We arrived at El-Jem in the late morning after connecting in Sousse. There we visited the Colosseum of El-Jem, which was the third largest in the Roman world and is the most famous example of Roman architecture in North Africa, or so they tell me. After a lunch of bread and bananas from a nearby tabac, we hopped into another louage and went back to Sousse before continuing onward to Kairouan, one of the seven holiest cities of Islam (depending upon whom you ask, of course). We could not drive directly to Kairouan from El-Jem because of the enormous salt flats separating the two. Salt flats are definitely some of the craziest things that I’ve ever seen in my life. We spent Sunday evening and most of Monday in Kairouan visiting several famous mosques, including the Great Mosque, the oldest in North Africa, before trying our hands at bargaining in the local suq. Our hotel had an amazing view of the medina from the roof, and we stayed up late Sunday night talking and listening to a nearby wedding celebration. It was pretty amazing. I also had a real shower. That was pretty amazing, too.

(“How dare the denial of human rights in this country subject me to an inferior learning experience,” says Lea. “That’s the Lea we went to class with,” says Adam. I love these people. They are endlessly amusing.)

The trip to Kairouan was, however, both the best of times and the worst of times. Monday was characterized by the highest temperatures we have yet observed (they tell me it was somewhere between 105-110 degrees…obviously when one understands neither of the languages spoken in this country, every bit of information comes from a second- or third-hand source), making the louage ride back to Tunis one of the single most uncomfortable experiences of my life. That was soon followed by the single most uncomfortably hot night of my life (you know it’s going to be a bad day when you are already sweating bullets before sunrise). As God as my witness, I will never complain about an Evansville summer day again.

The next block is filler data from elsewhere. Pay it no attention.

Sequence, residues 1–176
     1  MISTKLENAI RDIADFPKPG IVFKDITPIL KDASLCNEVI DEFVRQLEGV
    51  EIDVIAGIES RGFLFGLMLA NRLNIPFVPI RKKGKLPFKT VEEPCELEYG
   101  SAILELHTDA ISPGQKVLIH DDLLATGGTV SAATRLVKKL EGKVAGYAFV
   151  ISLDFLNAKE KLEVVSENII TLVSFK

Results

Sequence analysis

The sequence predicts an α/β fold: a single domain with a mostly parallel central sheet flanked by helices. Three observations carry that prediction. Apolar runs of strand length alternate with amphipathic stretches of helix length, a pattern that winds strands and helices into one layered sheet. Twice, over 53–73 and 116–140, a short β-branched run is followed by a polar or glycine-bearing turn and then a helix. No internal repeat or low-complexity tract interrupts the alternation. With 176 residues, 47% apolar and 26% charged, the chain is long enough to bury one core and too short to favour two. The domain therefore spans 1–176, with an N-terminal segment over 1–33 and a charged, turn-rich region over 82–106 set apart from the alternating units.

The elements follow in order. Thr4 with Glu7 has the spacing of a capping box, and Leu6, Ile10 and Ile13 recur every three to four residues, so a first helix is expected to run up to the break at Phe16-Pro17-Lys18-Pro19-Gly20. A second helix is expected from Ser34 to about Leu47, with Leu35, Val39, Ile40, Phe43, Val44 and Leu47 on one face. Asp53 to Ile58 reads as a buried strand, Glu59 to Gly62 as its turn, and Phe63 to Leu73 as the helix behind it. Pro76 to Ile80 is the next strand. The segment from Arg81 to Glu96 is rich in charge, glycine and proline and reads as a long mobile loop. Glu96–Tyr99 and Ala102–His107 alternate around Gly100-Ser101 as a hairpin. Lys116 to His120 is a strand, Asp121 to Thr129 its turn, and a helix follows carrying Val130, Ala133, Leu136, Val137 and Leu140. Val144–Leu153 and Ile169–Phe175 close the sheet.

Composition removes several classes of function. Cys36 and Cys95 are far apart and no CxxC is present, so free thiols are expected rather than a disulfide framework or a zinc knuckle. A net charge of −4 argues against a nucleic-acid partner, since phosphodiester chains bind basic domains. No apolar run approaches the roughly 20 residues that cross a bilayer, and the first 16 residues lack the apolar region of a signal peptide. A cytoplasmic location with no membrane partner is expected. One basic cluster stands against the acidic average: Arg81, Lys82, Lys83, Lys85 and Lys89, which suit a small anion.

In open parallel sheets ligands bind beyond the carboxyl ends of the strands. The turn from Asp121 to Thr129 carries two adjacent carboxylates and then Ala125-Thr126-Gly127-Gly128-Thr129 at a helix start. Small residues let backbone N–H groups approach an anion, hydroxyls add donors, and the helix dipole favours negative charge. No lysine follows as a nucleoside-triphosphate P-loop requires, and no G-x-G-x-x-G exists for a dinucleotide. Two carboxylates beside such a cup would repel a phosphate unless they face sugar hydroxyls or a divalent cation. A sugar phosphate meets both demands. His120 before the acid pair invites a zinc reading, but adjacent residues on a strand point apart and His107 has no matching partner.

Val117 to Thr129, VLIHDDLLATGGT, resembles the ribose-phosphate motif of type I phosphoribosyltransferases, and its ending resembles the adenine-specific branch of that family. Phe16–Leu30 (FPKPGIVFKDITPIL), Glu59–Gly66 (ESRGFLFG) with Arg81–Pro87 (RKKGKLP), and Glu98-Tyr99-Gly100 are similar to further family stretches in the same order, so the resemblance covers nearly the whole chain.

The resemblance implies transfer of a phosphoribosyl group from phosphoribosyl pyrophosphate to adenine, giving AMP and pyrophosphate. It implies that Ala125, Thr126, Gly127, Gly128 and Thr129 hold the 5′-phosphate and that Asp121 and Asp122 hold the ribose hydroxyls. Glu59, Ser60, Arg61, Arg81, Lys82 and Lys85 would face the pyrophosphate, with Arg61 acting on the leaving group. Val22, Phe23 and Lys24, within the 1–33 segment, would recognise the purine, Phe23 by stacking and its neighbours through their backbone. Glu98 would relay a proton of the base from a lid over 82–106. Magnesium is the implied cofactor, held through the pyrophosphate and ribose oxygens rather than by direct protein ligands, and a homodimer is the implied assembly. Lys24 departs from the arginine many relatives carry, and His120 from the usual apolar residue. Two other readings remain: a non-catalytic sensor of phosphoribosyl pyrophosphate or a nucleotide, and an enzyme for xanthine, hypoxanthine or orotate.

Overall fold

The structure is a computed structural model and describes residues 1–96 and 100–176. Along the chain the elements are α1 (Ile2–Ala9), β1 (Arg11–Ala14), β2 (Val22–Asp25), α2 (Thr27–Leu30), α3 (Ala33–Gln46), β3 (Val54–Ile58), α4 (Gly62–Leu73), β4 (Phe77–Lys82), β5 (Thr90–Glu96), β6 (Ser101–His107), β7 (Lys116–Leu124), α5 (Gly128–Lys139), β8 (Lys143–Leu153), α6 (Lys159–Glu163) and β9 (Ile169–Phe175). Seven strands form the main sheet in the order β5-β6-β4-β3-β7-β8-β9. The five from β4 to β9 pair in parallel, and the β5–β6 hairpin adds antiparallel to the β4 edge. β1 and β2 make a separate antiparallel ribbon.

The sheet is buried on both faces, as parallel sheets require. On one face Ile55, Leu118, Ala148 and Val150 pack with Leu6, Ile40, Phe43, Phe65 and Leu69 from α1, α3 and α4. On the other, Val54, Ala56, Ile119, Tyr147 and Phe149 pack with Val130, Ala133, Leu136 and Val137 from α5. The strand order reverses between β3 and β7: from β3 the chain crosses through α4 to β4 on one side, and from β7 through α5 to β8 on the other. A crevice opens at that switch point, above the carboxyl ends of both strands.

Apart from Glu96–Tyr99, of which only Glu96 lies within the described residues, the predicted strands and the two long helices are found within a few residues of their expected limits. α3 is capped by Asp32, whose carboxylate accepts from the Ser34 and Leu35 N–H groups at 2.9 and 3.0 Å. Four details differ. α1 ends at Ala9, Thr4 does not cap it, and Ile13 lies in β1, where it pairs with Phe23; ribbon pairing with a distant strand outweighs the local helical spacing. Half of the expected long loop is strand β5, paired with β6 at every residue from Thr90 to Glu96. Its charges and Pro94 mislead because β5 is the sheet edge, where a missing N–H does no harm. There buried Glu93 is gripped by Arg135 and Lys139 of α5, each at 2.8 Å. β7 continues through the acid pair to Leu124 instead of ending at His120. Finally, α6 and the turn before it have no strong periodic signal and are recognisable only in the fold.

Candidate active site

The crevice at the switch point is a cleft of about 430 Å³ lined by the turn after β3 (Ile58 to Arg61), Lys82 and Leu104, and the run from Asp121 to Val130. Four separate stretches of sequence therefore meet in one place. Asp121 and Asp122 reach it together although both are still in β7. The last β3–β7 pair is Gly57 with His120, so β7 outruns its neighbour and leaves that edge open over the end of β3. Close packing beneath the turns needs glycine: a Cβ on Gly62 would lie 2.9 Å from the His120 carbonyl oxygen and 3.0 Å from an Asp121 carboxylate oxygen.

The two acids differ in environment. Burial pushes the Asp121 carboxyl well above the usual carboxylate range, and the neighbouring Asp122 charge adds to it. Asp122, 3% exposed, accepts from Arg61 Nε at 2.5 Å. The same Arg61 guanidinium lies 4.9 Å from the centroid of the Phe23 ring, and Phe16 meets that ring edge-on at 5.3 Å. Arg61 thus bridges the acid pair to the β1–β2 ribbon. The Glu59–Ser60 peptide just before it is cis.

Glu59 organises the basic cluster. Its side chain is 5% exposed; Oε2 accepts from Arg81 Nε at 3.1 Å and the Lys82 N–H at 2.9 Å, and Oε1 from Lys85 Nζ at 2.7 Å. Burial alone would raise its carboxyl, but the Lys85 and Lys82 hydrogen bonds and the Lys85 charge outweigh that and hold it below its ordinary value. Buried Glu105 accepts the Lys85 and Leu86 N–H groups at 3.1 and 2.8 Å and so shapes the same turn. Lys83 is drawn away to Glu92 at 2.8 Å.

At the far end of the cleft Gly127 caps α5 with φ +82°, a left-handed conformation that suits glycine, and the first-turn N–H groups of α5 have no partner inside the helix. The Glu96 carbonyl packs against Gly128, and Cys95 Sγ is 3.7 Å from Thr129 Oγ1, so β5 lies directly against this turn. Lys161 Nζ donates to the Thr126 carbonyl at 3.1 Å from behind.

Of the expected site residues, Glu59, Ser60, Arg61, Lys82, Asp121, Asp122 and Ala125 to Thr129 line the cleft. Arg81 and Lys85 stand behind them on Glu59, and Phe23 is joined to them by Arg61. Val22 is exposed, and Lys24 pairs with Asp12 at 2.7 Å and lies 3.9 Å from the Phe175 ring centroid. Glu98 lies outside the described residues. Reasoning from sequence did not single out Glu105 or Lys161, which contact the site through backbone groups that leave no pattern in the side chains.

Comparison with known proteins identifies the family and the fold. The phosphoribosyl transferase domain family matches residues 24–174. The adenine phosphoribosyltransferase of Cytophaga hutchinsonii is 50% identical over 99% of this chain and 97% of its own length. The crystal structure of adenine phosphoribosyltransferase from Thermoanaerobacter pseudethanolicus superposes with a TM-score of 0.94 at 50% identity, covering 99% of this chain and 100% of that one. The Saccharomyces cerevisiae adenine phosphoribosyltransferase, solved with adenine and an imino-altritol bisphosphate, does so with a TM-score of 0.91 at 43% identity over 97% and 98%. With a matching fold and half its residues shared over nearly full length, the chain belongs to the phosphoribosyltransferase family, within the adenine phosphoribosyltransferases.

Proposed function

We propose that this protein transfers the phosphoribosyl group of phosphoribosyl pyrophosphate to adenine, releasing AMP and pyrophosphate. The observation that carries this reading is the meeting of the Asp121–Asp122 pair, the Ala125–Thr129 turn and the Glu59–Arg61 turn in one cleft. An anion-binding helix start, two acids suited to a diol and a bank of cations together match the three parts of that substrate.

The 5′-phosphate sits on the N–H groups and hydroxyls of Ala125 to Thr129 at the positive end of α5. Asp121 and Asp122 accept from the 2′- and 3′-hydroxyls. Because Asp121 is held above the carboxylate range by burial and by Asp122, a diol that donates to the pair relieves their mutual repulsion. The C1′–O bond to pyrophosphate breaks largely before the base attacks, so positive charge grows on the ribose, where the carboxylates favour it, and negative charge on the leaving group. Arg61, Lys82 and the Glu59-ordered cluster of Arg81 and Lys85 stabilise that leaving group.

School is going well except that I only understand 20%-30% of what my teacher (who looks like an Arab Homer Simpson) says on any given day. Ah the joys of immersion.

Well, I suppose I’m about out of time on Lea’s laptop, but I hope this extended post made up for my recent lack of communication with the outside world.


p.s. Mom, no worries about little old me. I'm well-taken care of and having a great time. <3

Wednesday, July 13, 2005

Gender Relations in Tunis

One of the most obviously different aspects of life in Tunisia in comparison to life in the States (besides the standard of living, of course) is the nature of gender relations, which are relatively similar both in Tunis and in Carthage (I don't know about smaller, more rural areas, however). The first thing one notices is lack of women walking on the streets (which, in addition to the TGM for long distances, is the preferred method of transportation in Tunisia, although many upper-middle-class Tunisians do own cars). In addition when women are walking in public, especially in outside of Tunis, which is a bit more liberal and metropolitan because of its size and nature, they are almost always accompanied by a man, and if they are not, they will more than likely be verbally harassed at the very least. And that is only for local women...for foreign women it is a whole different story.